I made a remark about my recent visit to the quaint mountain town of Lexington, VA in the Washington and Lee University post. My older brother was in town visiting for a few weeks in June, and my family wanted to take a weekend getaway and escape the southern humidity and the crowded coasts, opting for the cooler Appalachian trail.
Situated just across the polished pastures of the university grounds is the local traditional clothing store Alvin-Dennis. I stopped by there years ago, but now with my clothing hobby, I made it a point to talk to owner Alvin Carter, delivering personal customer service since he opened shop in 1963. I introduced myself and he quickly warmed up to conversation, soon talking of our love for classic menswear and the history of his establishment. Mr. Carter showed me albums of old photographs of past customers and sales staff. There were countless black and white 1960s “Take Ivy”-esque vintage pictures. He said that students used to wear coat and tie to class everyday, hence the noticeable and regrettable steady decline of trad custom as he flipped the pages to modern day.
As we conversed, a young man walked into the store. Mr. Carter excused himself and welcomed the familiar friend, whom they had just completed a recent business transaction. The soon-to-be-hitched W&L alumni was going to be married to his college sweetheart that very same evening at Lee Chapel. Alvin-Dennis had outfitted the whole wedding party and was his largest order to date. How nice of the groom to incorporate not only the couple’s alma mater, but also the hometown clothing shop, which I imagine he had first walked into as a freshman and just indoctrinated into trad, and now walking out as a new upwardly mobile professional on his wedding day, ready to embrace the next step in his life.
I purposely wore my Duck Head shorts, which Mr. Carter noticed and duly complimented me on. He ordered a shipment when the company rose from the ashes last year, but was disappointed how unknown they were with the current generation of fratstars. He told me how Ducks used to fly off the shelves back in the day. Oh times have changed indeed.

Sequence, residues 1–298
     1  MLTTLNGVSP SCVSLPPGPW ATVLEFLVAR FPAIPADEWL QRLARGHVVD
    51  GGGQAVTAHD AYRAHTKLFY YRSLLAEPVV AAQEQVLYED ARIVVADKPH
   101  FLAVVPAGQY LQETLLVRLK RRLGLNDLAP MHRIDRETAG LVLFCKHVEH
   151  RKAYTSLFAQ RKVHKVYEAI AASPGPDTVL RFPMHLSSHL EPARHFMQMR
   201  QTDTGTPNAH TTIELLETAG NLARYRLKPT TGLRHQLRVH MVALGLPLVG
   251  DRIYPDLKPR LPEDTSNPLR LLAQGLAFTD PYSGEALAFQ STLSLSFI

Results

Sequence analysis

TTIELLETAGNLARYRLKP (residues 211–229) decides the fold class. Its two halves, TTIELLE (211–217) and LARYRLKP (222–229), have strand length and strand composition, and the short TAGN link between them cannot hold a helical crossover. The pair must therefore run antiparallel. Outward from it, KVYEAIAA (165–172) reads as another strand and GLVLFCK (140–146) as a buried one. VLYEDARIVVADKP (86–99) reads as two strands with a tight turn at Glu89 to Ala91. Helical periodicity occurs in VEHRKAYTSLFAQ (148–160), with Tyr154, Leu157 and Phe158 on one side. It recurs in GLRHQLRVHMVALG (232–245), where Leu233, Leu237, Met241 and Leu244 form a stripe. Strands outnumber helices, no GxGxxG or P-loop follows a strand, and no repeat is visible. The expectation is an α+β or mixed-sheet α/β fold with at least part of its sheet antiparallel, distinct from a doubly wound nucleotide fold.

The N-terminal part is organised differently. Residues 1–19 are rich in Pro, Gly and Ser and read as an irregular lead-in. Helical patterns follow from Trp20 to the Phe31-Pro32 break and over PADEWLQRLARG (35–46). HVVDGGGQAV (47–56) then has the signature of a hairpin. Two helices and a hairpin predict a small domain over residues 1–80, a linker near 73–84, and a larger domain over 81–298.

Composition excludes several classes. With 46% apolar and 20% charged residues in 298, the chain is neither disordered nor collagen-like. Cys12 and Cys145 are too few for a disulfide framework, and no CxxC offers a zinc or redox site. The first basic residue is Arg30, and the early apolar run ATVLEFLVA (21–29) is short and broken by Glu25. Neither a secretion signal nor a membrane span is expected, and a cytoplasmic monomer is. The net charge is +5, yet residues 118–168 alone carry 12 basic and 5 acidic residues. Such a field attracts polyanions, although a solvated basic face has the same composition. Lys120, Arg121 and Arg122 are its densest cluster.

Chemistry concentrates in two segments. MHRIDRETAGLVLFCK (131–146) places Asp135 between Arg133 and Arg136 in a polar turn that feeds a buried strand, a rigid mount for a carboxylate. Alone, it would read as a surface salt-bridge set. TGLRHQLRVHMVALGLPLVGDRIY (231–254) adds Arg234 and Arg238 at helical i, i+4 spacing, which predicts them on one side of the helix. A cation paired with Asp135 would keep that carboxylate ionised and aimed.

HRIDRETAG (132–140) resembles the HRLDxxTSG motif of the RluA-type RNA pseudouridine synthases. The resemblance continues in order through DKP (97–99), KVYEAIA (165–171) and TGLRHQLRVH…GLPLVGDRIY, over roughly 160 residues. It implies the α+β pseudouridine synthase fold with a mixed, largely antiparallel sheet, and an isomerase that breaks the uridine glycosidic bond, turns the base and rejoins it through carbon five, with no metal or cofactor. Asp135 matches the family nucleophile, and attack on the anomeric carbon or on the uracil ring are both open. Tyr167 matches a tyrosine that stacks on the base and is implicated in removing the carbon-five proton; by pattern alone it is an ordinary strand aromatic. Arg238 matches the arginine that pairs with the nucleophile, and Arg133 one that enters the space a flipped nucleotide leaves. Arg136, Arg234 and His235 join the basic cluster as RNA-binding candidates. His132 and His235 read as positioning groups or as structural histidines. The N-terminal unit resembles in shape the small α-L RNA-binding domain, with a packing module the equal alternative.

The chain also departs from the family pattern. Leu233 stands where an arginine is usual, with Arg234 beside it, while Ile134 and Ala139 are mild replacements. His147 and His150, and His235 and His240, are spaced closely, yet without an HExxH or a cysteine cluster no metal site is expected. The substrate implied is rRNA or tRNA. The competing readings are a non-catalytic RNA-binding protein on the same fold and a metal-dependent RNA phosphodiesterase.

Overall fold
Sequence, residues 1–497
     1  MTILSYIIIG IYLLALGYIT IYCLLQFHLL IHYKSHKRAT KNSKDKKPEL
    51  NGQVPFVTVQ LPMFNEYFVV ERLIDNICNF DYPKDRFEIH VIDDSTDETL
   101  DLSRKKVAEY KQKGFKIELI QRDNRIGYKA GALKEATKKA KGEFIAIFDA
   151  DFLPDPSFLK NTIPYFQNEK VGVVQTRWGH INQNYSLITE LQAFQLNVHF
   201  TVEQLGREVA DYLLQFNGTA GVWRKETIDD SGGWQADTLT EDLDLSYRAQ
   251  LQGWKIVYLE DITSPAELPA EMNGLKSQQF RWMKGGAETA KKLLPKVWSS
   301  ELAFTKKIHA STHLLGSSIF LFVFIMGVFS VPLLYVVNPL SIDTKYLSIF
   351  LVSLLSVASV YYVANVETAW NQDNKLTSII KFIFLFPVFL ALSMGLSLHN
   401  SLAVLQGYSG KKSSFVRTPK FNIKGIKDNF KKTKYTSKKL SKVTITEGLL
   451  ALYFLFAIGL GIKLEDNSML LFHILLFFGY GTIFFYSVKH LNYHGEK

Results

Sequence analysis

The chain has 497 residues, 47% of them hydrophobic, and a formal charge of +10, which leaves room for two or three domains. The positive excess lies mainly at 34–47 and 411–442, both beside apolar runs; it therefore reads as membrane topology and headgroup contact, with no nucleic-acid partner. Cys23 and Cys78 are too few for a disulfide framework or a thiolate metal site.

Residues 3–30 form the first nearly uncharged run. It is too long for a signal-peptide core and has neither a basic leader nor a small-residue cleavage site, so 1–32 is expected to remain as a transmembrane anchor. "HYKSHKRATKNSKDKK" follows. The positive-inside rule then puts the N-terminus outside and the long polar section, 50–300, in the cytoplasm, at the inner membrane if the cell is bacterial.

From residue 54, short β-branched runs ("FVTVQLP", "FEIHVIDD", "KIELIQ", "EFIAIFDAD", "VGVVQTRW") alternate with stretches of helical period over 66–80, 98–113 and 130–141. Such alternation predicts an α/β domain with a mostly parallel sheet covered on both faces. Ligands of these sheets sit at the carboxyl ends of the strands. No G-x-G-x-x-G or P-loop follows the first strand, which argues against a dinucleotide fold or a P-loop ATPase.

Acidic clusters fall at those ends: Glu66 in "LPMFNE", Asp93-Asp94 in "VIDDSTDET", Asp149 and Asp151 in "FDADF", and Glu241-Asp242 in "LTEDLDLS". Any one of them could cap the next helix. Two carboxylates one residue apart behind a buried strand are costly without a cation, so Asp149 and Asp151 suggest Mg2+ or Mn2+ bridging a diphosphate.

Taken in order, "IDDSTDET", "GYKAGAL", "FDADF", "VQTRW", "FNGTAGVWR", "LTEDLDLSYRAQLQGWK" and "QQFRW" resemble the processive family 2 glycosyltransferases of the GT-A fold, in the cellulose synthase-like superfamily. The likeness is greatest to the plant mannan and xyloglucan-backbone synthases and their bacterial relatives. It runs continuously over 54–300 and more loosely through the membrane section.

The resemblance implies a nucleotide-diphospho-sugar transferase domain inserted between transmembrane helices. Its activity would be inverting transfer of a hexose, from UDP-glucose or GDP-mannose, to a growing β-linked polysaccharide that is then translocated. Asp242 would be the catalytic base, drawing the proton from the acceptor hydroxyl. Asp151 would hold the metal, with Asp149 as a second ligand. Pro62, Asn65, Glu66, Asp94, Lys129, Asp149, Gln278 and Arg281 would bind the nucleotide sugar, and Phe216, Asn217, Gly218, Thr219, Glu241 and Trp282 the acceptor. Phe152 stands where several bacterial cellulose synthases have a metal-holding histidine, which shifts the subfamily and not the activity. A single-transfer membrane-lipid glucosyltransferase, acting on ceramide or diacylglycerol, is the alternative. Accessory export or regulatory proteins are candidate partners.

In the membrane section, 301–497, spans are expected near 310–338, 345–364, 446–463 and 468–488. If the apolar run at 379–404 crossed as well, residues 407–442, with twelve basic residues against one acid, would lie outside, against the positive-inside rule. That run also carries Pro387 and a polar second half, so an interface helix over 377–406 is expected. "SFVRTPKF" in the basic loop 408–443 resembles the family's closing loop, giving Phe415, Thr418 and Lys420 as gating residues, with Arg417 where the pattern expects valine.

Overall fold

Mr. Carter thanked me for featuring his store on the blog and we exchanged handshakes. I wished him continued health and good business.
After eating a delightful dinner at Bistro on Main with the family, dusk hit Lexington, showering golden light and leaving behind gloaming tall shadows that stretched across downtown. After the meal, we went for some fresh air and found ourselves meandering on W&L’s campus, strolling the brick lined university sidewalks and admiring the surrounding Federal architecture. A bell rang, and glancing over to Lee Chapel was the wedding procession, having just gotten out of the service.
Respecting my distance but following up on intrigue, I watched the young man and his beautiful wife walk out the picturesque white chapel doors with the youthful wedding party welcoming them in their Alvin-Dennis supplied suits and summer dresses, all of whom I assumed were his fraternity brothers and her sorority sisters. The twilight sun reflected off their radiant faces with the newly married couple laughing and kissing for the photographer, the groomsmen and bridesmaids joyfully clapping, the ring bearer in his bowtie chasing after the flower girl in her white stockings, the well dressed parents and family taking in the lively sight that they’d remember for years to come. I continued my stroll, smiling and lost in tradly thoughts as the sun set on Lexington’s ambiance.
- Owner Alvin Carter
- Candid back shot of my outfit that day, the Duck Head shown proudly. (I was putting my sunglasses on Horatio Caine style)
- “…and the tradition continues”
- My frocket tee souvenirs.